Excel and The London Whale

The problems of using Excel within financial institutions are well-known – the control risks are huge because it’s so easy for a rogue trader to manually edit trade data/market data and re-save the sheet. This article describes the role Excel played in under-estimating the risks involved in financing The London Whale’s trading strategies:

JPMor­gan’s Chief Invest­ment Office need­ed a new value-at-risk (VaR) model for the syn­thet­ic cred­it port­fo­lio (the one that blew up) and assigned a quan­ti­ta­tive whiz (“a London-based quan­ti­ta­tive expert, math­e­mati­cian and model devel­op­er” who pre­vi­ous­ly worked at a com­pa­ny that built ana­lyt­i­cal mod­els) to cre­ate it. The new model “oper­at­ed through a series of Excel spread­sheets, which had to be com­plet­ed man­u­al­ly, by a process of copy­ing and past­ing data from one spread­sheet to another.”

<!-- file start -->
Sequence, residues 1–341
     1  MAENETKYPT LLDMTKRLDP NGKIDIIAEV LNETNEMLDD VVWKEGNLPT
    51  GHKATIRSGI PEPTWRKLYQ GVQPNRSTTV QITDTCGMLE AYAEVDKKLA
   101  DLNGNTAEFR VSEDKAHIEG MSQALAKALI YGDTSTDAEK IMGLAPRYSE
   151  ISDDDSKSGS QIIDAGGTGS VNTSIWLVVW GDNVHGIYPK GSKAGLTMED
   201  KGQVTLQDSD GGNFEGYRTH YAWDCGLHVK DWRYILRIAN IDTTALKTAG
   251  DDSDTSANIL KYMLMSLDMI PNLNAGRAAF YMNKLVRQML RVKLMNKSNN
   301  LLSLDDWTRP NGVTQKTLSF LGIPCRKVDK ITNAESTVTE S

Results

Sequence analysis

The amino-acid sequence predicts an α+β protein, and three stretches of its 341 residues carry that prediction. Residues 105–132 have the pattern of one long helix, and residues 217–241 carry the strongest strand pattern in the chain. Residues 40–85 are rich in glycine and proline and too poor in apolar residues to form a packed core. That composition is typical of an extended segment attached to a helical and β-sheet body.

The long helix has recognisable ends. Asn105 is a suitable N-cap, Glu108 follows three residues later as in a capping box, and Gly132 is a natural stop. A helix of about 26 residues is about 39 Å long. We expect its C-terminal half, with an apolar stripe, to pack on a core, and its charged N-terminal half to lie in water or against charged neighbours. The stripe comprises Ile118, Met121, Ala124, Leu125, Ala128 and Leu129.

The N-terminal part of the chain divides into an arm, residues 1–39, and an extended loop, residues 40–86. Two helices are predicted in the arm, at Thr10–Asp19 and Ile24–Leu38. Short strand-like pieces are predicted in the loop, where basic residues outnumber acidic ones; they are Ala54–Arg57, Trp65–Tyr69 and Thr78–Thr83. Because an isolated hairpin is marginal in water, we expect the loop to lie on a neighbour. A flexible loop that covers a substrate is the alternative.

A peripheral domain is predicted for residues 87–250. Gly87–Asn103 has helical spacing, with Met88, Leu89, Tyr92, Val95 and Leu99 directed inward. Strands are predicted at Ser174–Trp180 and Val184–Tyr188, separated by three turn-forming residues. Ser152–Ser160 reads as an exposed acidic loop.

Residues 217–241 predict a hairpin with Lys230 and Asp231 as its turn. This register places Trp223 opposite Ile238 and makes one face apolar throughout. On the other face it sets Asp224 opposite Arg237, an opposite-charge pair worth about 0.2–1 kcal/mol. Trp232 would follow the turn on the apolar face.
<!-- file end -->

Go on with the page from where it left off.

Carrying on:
Another question is, how do you test a spreadsheet? And how do you re-use fragments of a sheet?

the spread­sheets that peo­ple cre­ate with Excel are incred­i­bly frag­ile. There is no way to trace where your data come from, there’s no audit trail (so you can over­type num­bers and not know it), and there’s no easy way to test spread­sheets

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